South African aircraft company Passerine have unveiled their new cargo carrying drone, which they’ve called Sparrow. The craft would set companies back a whopping £30,000.
Extended drone no-fly zones have come into force around airports, but the technology isn’t all bad.
The hot duck has nothing on the Bionic Bird.
Is it a bird? Is it a plane? Is it a drone? Well, folks, it’s all of the above.
Perfect for drone enthusiasts who are growing bored of the current market offerings and want to play with something new, the Bionic Bird will reignite your passion for flying.
Check it out in action:
It’s equipped with two flexible wings to conquer the skies instead of the four propellers found on traditional drones. It’s designed to look and fly like a bird so much so that even actual birds get duped thinking it’s part of their flock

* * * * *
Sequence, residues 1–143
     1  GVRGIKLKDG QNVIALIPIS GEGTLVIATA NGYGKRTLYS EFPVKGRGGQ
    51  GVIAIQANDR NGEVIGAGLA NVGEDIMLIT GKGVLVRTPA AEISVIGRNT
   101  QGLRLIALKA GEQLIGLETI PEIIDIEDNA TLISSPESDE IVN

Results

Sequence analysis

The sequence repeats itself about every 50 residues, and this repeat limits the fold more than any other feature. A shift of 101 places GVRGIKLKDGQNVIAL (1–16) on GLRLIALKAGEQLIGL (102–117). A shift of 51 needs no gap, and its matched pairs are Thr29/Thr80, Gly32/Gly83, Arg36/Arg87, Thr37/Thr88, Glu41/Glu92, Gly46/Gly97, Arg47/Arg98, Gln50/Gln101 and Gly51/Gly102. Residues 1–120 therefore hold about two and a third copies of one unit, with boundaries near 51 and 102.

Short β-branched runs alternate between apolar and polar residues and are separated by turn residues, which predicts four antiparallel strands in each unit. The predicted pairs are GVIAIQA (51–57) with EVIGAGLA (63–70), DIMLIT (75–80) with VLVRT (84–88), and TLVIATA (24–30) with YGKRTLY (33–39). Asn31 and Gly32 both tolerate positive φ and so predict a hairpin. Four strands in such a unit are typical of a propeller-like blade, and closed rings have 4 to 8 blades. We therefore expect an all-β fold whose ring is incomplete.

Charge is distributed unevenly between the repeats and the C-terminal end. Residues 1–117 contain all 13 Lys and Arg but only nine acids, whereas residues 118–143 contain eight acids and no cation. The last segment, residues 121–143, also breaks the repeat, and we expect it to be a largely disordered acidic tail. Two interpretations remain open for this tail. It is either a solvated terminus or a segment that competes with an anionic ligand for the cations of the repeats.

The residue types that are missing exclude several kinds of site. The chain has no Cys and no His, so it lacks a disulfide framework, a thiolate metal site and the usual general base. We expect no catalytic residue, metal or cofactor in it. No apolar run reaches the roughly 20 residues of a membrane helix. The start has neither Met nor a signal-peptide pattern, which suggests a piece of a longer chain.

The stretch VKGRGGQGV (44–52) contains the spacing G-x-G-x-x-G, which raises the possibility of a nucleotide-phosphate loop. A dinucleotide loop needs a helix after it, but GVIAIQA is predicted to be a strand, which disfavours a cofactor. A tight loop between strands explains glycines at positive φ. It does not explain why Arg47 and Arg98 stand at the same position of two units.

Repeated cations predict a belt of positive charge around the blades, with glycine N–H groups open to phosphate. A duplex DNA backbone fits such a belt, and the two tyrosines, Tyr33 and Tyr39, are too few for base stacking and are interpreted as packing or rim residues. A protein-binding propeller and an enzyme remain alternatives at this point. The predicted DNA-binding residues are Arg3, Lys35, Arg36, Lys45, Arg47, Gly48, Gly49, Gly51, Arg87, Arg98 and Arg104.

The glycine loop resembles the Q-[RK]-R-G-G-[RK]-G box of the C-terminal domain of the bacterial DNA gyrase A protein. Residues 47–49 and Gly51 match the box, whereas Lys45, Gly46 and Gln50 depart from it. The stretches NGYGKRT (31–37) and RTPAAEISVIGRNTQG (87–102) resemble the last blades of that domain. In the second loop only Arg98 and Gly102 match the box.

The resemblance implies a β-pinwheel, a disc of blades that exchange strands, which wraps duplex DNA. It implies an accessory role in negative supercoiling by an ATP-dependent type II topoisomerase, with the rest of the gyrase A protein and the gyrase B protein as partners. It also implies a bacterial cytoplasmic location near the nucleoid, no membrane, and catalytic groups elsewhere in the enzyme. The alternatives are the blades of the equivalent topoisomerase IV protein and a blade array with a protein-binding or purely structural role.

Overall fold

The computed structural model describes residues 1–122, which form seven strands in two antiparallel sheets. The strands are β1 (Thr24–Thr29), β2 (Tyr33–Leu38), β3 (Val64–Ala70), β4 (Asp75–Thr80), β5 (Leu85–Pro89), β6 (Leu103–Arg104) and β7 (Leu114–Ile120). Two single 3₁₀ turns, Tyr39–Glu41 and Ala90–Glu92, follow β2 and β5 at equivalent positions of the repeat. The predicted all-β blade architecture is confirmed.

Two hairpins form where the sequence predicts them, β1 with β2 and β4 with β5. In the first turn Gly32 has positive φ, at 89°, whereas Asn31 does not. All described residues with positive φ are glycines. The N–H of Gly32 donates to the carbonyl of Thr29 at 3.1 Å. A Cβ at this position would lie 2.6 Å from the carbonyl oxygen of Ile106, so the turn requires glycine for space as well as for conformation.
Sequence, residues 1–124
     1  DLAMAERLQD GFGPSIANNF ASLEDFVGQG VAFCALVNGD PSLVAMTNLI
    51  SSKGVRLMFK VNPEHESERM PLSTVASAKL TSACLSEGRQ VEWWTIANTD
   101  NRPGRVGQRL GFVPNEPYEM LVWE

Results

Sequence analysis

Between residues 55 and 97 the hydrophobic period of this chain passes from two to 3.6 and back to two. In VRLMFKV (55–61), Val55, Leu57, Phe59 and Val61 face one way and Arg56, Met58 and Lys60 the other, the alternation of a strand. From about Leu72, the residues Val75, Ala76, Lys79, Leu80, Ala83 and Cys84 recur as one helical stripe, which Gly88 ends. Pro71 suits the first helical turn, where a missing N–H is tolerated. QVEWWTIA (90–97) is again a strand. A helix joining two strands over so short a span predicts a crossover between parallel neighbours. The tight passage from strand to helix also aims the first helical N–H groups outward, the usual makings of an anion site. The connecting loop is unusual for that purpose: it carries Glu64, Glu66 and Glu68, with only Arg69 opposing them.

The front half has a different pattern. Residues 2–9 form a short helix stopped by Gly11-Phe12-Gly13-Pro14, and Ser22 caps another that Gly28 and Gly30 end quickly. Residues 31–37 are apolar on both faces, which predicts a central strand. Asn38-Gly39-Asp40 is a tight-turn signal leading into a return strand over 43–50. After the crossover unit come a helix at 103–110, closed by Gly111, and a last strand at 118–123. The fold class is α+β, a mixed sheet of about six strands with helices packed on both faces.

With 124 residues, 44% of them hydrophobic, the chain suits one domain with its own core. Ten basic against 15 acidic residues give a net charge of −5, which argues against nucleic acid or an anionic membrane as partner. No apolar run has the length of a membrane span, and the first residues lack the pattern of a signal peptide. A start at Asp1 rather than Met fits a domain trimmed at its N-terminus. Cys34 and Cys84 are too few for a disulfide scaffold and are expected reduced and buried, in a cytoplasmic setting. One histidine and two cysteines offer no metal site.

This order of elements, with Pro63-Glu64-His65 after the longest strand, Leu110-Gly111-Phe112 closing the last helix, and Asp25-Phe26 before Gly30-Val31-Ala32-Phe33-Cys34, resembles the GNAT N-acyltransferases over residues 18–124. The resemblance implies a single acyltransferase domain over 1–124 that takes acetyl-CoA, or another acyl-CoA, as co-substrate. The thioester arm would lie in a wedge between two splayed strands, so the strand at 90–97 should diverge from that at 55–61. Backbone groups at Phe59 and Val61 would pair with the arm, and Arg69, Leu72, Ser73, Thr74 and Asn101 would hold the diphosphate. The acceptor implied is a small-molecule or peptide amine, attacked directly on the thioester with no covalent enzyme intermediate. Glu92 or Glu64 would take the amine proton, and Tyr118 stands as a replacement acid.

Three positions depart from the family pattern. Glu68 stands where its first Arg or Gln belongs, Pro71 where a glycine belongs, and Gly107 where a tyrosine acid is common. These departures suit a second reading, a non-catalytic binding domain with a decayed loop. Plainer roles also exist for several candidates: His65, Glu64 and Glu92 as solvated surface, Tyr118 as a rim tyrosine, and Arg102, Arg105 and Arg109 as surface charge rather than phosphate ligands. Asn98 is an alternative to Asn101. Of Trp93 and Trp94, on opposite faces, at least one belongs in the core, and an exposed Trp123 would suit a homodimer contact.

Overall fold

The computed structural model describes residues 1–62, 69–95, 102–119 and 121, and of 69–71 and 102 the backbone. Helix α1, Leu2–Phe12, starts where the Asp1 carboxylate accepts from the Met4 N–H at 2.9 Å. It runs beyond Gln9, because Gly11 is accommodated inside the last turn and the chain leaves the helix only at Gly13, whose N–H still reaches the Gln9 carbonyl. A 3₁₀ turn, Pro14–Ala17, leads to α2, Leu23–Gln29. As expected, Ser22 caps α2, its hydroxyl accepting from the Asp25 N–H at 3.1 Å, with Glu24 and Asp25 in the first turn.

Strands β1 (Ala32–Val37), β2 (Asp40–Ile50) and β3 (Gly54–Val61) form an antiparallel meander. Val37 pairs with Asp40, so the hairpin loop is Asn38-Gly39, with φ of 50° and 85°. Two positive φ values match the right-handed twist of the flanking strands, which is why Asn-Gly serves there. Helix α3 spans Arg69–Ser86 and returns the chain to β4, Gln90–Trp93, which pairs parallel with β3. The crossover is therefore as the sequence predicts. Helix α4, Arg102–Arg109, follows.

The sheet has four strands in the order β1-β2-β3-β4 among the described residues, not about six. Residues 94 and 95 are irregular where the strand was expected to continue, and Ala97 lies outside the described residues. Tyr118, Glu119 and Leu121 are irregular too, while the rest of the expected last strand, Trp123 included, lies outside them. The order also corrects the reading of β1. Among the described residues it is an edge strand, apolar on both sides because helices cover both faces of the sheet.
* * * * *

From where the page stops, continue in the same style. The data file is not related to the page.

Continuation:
Knowing in what absolute direction your robot is pointed can be crucial, and expensive systems like those used by NASA on Mars are capable of calculating this six-dimensional heading vector to within around one degree RMS, but they are fairly expensive. If you want similar accuracy on a hacker budget, this paper shows you how to do it using cheap MEMS sensors, an off-the-shelf motion co-processor IC, and the right calibration method.
The latest article to be published in our own peer-reviewed Hackaday Journal is Limits of Absolute Heading Accuracy Using Inexpensive MEMS Sensors (PDF). In this paper, Gregory Tomasch and